Maryland Terrapins advance to NCAA lacrosse championship
Saturday, May 29, 2010
TOWSON, MD. -- The Maryland women's lacrosse players knew when they needed to take the field on Friday, and when they left, there was still time in the night to enjoy senior captain Caitlyn McFadden's birthday. When Coach Cathy Reese tried to pinpoint the best part of earning the top seed in the NCAA tournament, she said it was the early time slot, which goes to the tournament's top team and allows for more structure -- and less waiting -- during an already long day.
The Terrapins have done much waiting in recent years, including eight seasons without an appearance in the championship game. That ended Friday with a 14-5 win over unseeded Syracuse at Johnny Unitas Stadium, providing a chance for a program that claimed seven consecutive national championships from 1995 to 2001 to return to the top.
"They've earned it," said Reese, who was a part of each of those championships as either a player or assistant. "And now we're here, and we're going to go for it."
To do so, Maryland must unseat second-seeded Northwestern, which has won five consecutive national championships.
It appeared Maryland would earn that opportunity last season, when it entered the national semifinals undefeated. Northwestern was the No. 1 seed, which meant the Wildcats played the first game. The Terrapins needed to wait late into the night just to begin play, and into a new day to finally leave Towson after losing to North Carolina.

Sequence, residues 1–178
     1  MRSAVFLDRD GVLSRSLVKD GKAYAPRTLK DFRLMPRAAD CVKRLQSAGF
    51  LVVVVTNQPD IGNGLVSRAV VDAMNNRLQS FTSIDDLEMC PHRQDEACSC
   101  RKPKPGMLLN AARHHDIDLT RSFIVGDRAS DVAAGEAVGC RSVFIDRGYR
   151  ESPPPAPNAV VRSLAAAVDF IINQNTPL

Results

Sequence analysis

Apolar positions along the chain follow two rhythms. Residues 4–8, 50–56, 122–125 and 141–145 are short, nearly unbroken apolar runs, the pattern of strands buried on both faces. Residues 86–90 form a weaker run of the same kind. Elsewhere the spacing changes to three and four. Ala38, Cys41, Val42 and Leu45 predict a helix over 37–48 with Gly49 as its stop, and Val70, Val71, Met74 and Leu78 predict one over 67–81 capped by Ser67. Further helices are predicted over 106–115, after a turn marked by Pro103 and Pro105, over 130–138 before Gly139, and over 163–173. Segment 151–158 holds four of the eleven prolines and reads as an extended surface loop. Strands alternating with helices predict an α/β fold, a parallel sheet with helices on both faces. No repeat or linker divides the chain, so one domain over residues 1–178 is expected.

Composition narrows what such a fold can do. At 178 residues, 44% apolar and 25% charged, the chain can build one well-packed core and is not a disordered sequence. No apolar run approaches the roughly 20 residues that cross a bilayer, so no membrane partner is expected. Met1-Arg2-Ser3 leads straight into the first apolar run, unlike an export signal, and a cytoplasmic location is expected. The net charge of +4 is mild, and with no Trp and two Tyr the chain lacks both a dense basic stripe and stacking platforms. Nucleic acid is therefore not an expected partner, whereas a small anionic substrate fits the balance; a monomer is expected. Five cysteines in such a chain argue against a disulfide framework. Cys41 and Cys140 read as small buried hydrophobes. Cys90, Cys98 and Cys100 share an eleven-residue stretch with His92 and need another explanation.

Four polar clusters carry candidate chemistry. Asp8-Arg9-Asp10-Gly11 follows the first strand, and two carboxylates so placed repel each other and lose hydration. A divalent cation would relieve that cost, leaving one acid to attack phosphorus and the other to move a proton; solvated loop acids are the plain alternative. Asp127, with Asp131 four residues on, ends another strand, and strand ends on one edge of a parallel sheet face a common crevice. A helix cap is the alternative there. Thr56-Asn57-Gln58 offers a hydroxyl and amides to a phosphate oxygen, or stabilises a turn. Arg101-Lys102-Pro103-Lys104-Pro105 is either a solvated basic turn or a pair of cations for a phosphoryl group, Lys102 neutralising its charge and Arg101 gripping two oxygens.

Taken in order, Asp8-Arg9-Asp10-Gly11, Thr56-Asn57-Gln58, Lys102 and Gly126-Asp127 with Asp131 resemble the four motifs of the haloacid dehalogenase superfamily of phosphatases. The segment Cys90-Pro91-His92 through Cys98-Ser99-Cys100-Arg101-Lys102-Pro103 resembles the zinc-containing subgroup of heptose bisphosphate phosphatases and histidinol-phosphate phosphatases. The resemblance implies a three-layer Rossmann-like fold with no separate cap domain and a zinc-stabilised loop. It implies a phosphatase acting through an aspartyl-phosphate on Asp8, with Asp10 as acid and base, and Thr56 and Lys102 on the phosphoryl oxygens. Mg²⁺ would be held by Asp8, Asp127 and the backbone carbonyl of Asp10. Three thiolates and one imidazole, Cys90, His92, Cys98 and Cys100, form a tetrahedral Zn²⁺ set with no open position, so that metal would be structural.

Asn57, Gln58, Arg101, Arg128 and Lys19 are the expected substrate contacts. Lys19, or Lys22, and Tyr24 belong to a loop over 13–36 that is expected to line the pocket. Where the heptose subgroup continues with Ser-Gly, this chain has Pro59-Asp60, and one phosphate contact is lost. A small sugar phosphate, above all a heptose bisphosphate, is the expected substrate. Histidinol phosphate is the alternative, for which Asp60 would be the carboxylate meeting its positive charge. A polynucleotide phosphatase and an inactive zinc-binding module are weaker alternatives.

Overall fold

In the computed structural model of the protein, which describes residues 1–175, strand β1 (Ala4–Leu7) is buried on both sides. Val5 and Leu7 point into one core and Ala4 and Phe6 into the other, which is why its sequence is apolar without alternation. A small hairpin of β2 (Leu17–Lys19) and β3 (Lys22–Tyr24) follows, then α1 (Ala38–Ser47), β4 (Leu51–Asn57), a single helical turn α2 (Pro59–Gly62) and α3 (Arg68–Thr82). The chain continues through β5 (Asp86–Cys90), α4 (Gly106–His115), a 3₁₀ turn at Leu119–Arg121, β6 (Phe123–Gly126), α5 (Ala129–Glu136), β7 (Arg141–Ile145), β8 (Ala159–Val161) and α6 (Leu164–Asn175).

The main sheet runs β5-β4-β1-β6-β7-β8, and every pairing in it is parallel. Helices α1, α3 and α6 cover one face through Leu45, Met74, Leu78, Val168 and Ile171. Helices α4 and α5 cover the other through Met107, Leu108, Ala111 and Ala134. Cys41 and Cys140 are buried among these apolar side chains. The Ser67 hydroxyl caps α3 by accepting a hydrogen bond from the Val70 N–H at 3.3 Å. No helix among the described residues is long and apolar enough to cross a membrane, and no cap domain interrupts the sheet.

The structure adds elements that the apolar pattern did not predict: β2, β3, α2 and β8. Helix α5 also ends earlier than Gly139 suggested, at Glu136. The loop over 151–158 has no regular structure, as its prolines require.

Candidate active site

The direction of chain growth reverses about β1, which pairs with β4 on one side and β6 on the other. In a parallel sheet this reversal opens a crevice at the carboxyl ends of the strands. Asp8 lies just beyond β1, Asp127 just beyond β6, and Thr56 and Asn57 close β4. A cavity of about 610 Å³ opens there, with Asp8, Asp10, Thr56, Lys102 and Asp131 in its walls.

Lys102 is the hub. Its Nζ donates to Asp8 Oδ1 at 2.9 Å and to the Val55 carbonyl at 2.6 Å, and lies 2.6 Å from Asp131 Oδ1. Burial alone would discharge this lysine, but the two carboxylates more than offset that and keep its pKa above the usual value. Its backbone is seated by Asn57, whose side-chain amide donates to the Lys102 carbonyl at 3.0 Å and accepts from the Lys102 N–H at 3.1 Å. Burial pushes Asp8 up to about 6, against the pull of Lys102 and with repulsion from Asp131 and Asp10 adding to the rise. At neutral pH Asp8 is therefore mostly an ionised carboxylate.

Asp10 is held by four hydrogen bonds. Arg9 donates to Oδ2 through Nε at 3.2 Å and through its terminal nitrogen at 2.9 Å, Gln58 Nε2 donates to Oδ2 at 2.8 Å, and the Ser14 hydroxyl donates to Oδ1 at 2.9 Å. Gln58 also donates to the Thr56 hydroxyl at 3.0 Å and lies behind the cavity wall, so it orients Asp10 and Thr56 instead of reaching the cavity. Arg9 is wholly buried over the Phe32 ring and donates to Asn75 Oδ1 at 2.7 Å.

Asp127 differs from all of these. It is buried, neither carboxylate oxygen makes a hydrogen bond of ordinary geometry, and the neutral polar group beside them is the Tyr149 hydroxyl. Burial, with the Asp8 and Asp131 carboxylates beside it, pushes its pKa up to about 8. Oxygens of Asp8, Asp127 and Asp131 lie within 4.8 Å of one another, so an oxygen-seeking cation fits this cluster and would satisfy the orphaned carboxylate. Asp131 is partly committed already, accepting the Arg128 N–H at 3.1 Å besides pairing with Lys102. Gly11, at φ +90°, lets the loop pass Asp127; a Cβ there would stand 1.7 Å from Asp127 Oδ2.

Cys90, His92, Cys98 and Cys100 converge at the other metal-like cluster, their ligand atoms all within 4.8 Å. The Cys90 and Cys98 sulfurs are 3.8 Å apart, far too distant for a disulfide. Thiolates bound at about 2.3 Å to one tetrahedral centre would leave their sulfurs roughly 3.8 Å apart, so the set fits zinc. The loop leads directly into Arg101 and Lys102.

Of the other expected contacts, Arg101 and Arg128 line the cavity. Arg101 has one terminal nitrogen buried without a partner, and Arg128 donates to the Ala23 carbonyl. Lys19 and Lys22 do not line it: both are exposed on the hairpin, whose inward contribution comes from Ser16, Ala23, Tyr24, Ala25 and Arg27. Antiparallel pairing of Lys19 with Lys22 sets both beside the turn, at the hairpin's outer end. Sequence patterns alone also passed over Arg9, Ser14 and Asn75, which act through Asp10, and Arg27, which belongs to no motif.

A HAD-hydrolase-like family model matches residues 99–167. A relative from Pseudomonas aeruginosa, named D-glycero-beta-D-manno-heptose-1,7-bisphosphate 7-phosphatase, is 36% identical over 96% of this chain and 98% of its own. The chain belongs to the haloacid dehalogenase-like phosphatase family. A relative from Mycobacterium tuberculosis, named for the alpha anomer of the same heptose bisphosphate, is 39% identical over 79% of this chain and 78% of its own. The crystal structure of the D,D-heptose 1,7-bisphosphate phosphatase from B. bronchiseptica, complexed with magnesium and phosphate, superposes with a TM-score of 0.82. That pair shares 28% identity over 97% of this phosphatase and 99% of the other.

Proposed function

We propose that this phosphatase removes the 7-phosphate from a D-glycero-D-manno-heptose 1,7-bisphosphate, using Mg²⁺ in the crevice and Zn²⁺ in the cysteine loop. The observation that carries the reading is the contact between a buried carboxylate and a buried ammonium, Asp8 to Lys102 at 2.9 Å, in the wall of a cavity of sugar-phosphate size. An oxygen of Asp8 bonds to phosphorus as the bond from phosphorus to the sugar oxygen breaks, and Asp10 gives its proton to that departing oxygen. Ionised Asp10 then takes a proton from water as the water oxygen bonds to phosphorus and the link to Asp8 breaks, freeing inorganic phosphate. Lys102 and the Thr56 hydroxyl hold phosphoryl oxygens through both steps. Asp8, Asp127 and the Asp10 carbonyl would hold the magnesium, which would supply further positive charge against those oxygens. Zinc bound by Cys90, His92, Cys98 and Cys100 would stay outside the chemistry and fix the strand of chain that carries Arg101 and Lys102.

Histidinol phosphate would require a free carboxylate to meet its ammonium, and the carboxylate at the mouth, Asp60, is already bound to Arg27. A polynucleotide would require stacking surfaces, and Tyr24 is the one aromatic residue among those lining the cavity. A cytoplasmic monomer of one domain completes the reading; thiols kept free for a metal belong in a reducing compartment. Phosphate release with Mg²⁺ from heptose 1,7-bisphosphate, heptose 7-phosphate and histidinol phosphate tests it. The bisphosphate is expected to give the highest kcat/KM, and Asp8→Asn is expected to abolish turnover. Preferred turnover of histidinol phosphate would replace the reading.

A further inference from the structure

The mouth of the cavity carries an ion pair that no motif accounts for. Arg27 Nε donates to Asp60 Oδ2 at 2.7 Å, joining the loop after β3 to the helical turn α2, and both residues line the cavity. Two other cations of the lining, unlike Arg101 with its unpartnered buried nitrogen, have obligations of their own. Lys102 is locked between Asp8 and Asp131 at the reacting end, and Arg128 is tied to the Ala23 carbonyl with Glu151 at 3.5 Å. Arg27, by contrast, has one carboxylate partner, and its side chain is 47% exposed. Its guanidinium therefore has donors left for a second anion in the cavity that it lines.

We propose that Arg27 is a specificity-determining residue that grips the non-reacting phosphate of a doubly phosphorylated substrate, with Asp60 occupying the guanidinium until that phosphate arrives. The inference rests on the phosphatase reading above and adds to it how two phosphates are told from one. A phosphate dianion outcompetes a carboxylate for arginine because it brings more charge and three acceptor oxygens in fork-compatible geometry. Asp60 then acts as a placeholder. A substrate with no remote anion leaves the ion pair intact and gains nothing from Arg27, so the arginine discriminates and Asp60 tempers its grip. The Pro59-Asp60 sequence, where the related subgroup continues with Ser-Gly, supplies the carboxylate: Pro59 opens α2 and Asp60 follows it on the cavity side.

"It felt like we were sitting in front of you guys at one in the morning," Reese said, referencing the post-game news conference.
On Friday, before 8,762, the largest crowd to watch a women's lacrosse game in the United States, it was still light outside when Maryland held a 7-2 halftime advantage. The Terrapins added a goal less than two minutes into the second half before going into a scoring drought that lasted more than 21 minutes, during which time Syracuse scored three consecutive second-half goals to cut Maryland's advantage in half.
After the Orange failed to convert a free-position shot, Maryland freshman Katie Schwarzmann returned with a goal with 6:26 remaining in the game to finally change the Maryland side of the scoreboard. The Terrapins scored two more goals in the next 82 seconds, and what had moments earlier been a three-goal game was suddenly a six-goal game.
"Nothing really happened," McFadden said. "We were just making some mistakes we don't usually make."
For Reese, reaching the championship game felt even better because the class that she arrived with in College Park now make up the senior leaders on the team. The headliner of that group is McFadden, a Tewaaraton Trophy finalist who celebrated her 22nd birthday on Friday with four goals.
"All I wanted for my birthday was a win," said McFadden, who confirmed Friday ranks among the best birthdays of her life. Reese joked that she must now find someone to have a birthday on Sunday.
After the game, Reese embraced Syracuse Coach Gary Gait, who once coached Reese and later coached with her. Gait is among the candidates reported to be considered for the Terrapins' men's head coaching vacancy.
While the coaches met, the Maryland players piled on top of each other celebrating an elusive semifinals victory. Then, they departed the field earlier than last season -- and, more importantly, with a championship game to be played on Sunday.
-- NORTHWESTERN 15, NORTH CAROLINA 10: The Wildcats advanced to the title game by avenging an April 18 loss to the Tar Heels. Northwestern held a one-goal lead when sophomore Shannon Smith scored with 12:31 remaining to start a four-goal rally that put the game out of reach.
The game was tied at halftime after North Carolina scored as time expired and remained tight until the Wildcats' late surge, during which they stalled the ball after controlling the draws. Smith led Northwestern with two goals and two assists.